Heart arrhythmia and heart murmur are usually ‘reserved’ for people over 50, but no one would suspect it in a 26 year-old fit and healthy woman. The symptoms of arrhythmia began 6 years ago when Emma* was just 20 years-old. With no cardiovascular history in the family, the doctors were puzzled and she was hospitalized with arrhythmia twice. Her specialised blood tests were normal and there was no reason Emma had two arrhythmia attacks in as many years. Heart symptoms can’t be mistaken for a reflux or epilepsy as it was the case of 16 years old male, who was given a drug for epilepsy and had died of the heart attack at the age of 24.
Emma goes to the gym 4-5 times a week, runs, does yoga, and has a responsible job. She noticed that her arrhythmia happened after the gym. Considering her high level of physical activity, her daily two-litres of water intake was inadequate.
Can a virus cause heart arrhythmia?
Apart from electrolyte imbalances such as low calcium, and low potassium, the patient had weak digestion and adrenal stress, but Emma’s heart looked normal. That was until we looked closer at the pathogens. Emma had a high level of Human Cytomegalovirus (HCMV) in the body organ .
Infection with HCMV continues to be a major threat for pregnant women due to complications. Emma has said that she wants to be a mum one day. The symptoms for the child may be severe, including vision and hearing loss, small head size, weakness and difficulty using muscles, problems with coordination, and seizures.
The mode of HCMV transmission is presumed to occur through bodily fluids. Infection requires close, intimate contact with a person secreting the virus in their saliva, urine, or other bodily fluids. Other than being transmitted sexually, it can also occur via breast milk, through receiving transplanted organs, or blood transfusions. Although HCMV is not highly contagious, it has been shown to spread in households and among young children in day care centres.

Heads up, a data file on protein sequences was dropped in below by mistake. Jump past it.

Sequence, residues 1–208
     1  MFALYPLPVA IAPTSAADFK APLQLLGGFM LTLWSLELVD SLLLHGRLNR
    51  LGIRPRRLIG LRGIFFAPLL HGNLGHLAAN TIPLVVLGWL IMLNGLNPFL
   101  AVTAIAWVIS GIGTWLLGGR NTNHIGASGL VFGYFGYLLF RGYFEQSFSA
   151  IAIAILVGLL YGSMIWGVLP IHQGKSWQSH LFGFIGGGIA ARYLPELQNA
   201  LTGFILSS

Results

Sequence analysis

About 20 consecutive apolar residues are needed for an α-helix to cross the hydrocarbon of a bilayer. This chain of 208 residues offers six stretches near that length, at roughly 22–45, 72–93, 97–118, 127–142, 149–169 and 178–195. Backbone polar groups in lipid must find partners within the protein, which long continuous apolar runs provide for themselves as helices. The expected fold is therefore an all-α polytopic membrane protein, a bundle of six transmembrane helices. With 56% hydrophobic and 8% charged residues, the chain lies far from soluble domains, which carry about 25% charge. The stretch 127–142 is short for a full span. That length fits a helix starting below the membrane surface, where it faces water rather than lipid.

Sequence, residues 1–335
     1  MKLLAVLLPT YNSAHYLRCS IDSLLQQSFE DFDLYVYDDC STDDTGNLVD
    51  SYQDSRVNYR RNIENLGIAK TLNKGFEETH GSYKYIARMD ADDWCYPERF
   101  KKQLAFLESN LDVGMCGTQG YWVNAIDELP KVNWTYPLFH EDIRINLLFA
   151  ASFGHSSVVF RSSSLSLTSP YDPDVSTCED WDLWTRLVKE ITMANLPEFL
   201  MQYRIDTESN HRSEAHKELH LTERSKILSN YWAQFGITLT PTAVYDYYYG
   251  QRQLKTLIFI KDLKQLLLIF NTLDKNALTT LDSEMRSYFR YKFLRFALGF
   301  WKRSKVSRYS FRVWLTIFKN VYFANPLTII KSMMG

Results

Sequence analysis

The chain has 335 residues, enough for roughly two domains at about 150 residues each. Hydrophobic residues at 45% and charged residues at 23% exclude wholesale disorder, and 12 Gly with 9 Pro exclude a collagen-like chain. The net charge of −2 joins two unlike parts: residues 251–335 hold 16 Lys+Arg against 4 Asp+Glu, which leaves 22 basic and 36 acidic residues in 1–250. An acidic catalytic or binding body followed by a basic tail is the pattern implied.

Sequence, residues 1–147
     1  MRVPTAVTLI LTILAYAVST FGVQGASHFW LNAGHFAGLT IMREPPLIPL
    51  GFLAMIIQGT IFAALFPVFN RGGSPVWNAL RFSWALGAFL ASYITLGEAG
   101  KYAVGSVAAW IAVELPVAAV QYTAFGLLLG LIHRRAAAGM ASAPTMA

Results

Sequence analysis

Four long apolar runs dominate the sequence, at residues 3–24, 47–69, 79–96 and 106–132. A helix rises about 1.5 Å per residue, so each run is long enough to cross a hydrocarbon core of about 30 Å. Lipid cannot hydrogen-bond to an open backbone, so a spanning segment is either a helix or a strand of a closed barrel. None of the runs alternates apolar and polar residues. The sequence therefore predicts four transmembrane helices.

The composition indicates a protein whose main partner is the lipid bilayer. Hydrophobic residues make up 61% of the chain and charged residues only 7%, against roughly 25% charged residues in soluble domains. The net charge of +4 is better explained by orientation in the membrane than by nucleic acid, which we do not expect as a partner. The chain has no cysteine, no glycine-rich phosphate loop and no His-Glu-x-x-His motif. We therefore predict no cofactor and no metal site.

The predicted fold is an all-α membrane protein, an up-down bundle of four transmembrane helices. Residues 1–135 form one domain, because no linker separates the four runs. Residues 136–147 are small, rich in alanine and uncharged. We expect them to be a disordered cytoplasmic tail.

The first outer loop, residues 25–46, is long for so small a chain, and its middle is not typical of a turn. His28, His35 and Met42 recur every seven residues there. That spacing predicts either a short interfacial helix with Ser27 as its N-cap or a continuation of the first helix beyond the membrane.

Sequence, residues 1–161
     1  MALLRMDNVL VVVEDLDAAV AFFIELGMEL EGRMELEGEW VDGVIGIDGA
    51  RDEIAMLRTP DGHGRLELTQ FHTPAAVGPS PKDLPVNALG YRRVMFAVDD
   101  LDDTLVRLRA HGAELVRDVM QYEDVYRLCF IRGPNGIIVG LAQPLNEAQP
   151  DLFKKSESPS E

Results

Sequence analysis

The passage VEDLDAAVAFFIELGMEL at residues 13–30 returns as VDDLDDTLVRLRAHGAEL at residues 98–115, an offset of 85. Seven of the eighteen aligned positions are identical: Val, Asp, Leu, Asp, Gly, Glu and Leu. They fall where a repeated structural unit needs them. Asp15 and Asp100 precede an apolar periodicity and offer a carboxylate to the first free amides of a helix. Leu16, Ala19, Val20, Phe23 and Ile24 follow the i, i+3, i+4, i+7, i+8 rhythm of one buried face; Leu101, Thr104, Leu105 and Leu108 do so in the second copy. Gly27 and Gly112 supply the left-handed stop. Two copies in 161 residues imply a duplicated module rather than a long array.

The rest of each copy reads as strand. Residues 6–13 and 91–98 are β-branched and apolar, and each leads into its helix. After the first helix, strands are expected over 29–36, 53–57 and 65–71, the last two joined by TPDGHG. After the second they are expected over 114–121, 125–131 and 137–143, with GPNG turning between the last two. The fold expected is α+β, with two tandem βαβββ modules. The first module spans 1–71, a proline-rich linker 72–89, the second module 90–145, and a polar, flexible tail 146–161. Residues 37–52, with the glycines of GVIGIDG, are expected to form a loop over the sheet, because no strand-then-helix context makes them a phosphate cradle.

If Emma has a viral heart disease, also known as myocarditis, could her heart condition be caused by this virus? The jury is still out and I hope it will not progress that far. The virus would attack the heart muscle, causing inflammation, and disrupting the electrical pathways that signal the heart to beat properly. It appears that HCMV infection of Emma’s heart may be the cause of her problems.
In most of these cases the body will heal itself and you might never know you had a problem. However, in rare cases, the infection itself and the resulting inflammation can damage and weaken the heart. This can also trigger heart failure and heart rhythm irregularities.
Emma was dispensed an herbal antiviral tonic and a homeopathic remedy for her heart condition. Once the cause of any heart condition is identified, it makes treatment so much easier.To date her heart arthytmia has not returned.
1 www.ncbi.nlm.nih.gov/pubmed/2559284sociated with atherosclerosis
*Not her real name
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Danuta Hulajko is a holistic practitioner, international speaker and the founder & practitioner at the DH Natural Medicine Clinic and www.healingremedies.com.au in the Southern Highlands.
Danuta specialises in Allergies, Anti-Aging, Auto-Immune Conditions, Cardiovascular Conditions, Female Reproductive, Menopause, Mould Toxicity, Skin Conditions, Stress and Insomnia and Thyroid Dysfunction.
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